Uncle Albert blamed cantankerous modern anglers on the amount and type of equipment they bring to the bank. He would often watch fishermen tackle up and make comments about how long D-Day preparations took. On his last trip afloat, I can remember sitting with him watching someone prepare a peg for fishing on the Thurne. The angler arrived at 9 am on a Saturday morning. It took him about an hour and a half to carry all of his gear from his car to his peg. A further hour to put up his bivvy, his bed, his rod pod, bait table, folding tackle table and finally his rods. I was eager to move on for the day's cruise but Uncle Albert wanted to 'stay here and watch this idiot'. So stay for the day we did.

We thought the angler was about to tackle up, but he returned to his car and making several trips brought a black plastic dustbin, 3 stone bag of chicken feed, a stone bag of trout pellets, several kilo's of groundbait and finally a cordless drill attached with a paint mixer. The angler then spent an hour mixing up the feed, pellets, groundbait, several pints of maggots, chopped worms and several tins of sweetcorn in the dustbin with the drill. He then started to 'ball' the groundbait into the river. The bombardment lasted for an hour.
"I reckon he's trying to fill the river in so he can walk across and pick the fish up off the bottom!" declared Uncle Albert.

Four and a half hours into his fishing trip the angler got around to tackling up his rods. It was now 1:30 pm. The angler cast into the middle of the river where he had piled all of his groundbait seconds before the first of the new hire cruiser crews came down river. The intrepid angler spent the next four hours hurling abuse at passing boats and catching nothing. At 5:30 pm he started to pack up his gear and carry it all back to his car.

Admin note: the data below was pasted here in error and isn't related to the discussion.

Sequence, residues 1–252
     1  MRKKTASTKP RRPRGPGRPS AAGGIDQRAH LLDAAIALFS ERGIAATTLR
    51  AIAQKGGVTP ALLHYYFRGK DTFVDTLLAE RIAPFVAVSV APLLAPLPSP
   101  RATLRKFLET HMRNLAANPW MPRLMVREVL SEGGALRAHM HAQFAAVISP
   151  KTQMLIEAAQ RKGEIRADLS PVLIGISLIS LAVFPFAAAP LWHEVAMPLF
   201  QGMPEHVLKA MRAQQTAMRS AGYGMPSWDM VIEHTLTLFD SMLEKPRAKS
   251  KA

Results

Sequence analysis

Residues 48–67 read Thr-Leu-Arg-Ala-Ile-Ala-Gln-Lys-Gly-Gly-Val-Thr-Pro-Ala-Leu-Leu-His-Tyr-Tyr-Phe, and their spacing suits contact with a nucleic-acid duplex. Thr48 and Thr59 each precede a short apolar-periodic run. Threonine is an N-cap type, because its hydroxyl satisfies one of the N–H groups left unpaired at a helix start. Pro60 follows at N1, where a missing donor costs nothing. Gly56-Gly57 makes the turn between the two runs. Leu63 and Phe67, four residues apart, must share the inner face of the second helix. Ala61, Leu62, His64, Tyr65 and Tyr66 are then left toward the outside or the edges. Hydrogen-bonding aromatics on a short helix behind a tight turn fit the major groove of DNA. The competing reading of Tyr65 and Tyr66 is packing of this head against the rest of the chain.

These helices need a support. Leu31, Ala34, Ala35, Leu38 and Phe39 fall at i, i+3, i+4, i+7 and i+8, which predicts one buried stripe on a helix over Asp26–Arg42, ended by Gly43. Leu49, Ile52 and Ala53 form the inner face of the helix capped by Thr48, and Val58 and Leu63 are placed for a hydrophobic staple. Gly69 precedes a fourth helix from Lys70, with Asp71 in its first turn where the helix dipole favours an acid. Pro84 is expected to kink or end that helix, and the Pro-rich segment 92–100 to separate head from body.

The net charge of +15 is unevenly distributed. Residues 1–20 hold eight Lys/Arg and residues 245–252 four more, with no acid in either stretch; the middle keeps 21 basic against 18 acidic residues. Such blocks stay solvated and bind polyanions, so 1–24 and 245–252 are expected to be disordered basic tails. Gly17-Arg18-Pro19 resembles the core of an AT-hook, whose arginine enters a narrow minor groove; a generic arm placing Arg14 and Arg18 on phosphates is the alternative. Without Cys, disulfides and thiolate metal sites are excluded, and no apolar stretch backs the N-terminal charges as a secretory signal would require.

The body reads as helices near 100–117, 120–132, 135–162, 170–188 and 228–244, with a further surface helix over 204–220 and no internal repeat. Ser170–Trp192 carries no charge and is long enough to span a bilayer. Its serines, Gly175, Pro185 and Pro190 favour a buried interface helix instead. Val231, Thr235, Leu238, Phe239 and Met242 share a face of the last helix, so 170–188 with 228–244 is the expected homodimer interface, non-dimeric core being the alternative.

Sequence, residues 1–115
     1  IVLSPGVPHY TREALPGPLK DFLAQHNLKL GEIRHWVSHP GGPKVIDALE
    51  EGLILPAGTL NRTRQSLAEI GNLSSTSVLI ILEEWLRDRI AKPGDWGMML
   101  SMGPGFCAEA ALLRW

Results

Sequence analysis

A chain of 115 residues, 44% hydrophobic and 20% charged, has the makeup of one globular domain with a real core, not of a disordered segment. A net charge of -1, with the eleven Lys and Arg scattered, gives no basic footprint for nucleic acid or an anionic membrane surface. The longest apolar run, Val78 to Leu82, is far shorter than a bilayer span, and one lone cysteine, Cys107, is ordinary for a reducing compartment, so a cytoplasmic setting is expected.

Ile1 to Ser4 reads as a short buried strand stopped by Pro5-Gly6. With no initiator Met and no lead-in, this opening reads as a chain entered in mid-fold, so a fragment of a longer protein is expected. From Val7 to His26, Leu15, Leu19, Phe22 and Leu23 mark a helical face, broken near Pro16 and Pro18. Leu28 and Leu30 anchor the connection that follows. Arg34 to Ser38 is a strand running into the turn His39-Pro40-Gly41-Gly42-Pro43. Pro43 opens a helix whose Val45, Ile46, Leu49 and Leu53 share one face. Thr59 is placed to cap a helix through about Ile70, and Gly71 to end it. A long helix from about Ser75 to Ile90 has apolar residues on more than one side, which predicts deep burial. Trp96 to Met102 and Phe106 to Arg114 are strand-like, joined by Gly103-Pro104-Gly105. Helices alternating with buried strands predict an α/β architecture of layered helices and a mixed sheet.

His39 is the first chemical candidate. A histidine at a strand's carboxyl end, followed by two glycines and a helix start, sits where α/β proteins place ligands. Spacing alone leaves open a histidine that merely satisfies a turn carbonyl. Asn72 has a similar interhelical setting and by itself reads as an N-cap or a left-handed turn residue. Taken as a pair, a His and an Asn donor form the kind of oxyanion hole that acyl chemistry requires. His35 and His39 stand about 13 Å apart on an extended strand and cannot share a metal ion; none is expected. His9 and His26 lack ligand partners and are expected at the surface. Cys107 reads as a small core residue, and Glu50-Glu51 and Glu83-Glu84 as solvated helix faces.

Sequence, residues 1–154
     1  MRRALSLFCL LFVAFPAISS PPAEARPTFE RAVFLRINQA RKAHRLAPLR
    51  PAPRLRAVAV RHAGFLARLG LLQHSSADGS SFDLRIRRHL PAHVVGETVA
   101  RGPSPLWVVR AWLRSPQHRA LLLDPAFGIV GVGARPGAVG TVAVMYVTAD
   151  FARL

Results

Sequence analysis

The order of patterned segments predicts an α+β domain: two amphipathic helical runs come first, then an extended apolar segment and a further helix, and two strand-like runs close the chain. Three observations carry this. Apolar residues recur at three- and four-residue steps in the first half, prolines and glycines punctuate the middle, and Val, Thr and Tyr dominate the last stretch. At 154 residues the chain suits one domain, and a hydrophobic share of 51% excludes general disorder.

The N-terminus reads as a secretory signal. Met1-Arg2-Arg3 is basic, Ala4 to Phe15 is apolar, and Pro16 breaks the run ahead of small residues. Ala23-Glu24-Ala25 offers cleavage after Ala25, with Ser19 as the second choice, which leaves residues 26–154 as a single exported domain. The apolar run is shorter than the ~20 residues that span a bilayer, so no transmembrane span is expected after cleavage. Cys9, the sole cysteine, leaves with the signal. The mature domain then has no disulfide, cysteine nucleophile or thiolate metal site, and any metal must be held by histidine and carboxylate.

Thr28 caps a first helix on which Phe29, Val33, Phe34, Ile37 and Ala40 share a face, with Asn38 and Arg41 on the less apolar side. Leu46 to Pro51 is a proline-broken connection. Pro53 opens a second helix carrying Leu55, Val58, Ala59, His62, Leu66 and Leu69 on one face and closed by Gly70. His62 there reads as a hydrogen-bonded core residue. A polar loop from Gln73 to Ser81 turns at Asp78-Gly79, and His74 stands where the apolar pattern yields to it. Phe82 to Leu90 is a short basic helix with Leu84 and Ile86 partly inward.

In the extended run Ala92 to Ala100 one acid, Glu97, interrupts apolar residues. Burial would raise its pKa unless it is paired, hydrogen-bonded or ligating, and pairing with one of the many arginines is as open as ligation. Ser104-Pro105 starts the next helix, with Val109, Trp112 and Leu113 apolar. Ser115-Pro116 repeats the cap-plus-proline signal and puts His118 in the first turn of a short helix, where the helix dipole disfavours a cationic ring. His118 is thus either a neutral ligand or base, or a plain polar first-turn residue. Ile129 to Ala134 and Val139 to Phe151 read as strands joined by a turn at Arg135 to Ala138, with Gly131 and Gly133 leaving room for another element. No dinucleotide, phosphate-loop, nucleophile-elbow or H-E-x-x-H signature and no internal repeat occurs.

"Come on lad, we're off!" said Uncle Albert.
"Where are we going?" 
"About a quarter of a mile down stream of where this pillock threw a weeks wages into the water!" said a gleeful Uncle Albert just as the angler trudged past us with his wheelbarrow.

As a side note, I still own all of my great grandfather's fishing tackle. His custom built split cane rods specially adapted for his injuries, his centre pin reels presented to him by Allcocks (which I still use), his reed fishing 'basket' and his homemade landing and keep nets, the nets (which I don't use) all hand crocheted by my great grandmother.
 

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We used moor on the river Great Ouse and the fishermen there were on the whole a hostile nasty lot .We were pleasantly surprised by the altogether more friendly attitude of the fishermen on the Yare. We can honestly say we have not once been subjected to verbal abuse in the 10 seasons we have had here.

 

 

Carole

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18 hours ago, NorfolkNog said:

Serious question - is it possible to fish at night?

Just come down to the Swan Green in Horning at a weekend  and you'll often see a little tent up and the Fishermen there all night. These days they tend to use sounders which go off if something fishy pulls the line,..

They go off when you catch them with your keel as well, fishing just there during  the start of a race Sunday morning isn't a good idea..

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I'm a fishing man myself and when I'm on the broads, I will slow down when I come across anglers and if possible, will cruise to the far side as possible.

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To be quite honest about this, the fisherfolks who manage to annoy the bejeesus out of me each and every time I see them are those that insist that they moor far enough from the end of a mooring to put up several thousand pounds worth of gear. This space repeated down many moorings , Ludham Dyke being a prime example prevents multiple boats mooring up due to the essential fishing space. 

In one of our tales I encountered two such boats with humongous amounts of fishing gear between the two boats. Funnily enough they thought they had made the gap too small. They were wrong and the resulting reluctance to move their gear to facilitate mooring ensured a call to broads beat. We weren’t the first to report them and boys in blue caught up with them the next day. Their hire company did not do what the BBC did a few weeks ago and kick them off they just ignored the call stating we can’t ( won’t) do anything.

was a Gem of an experience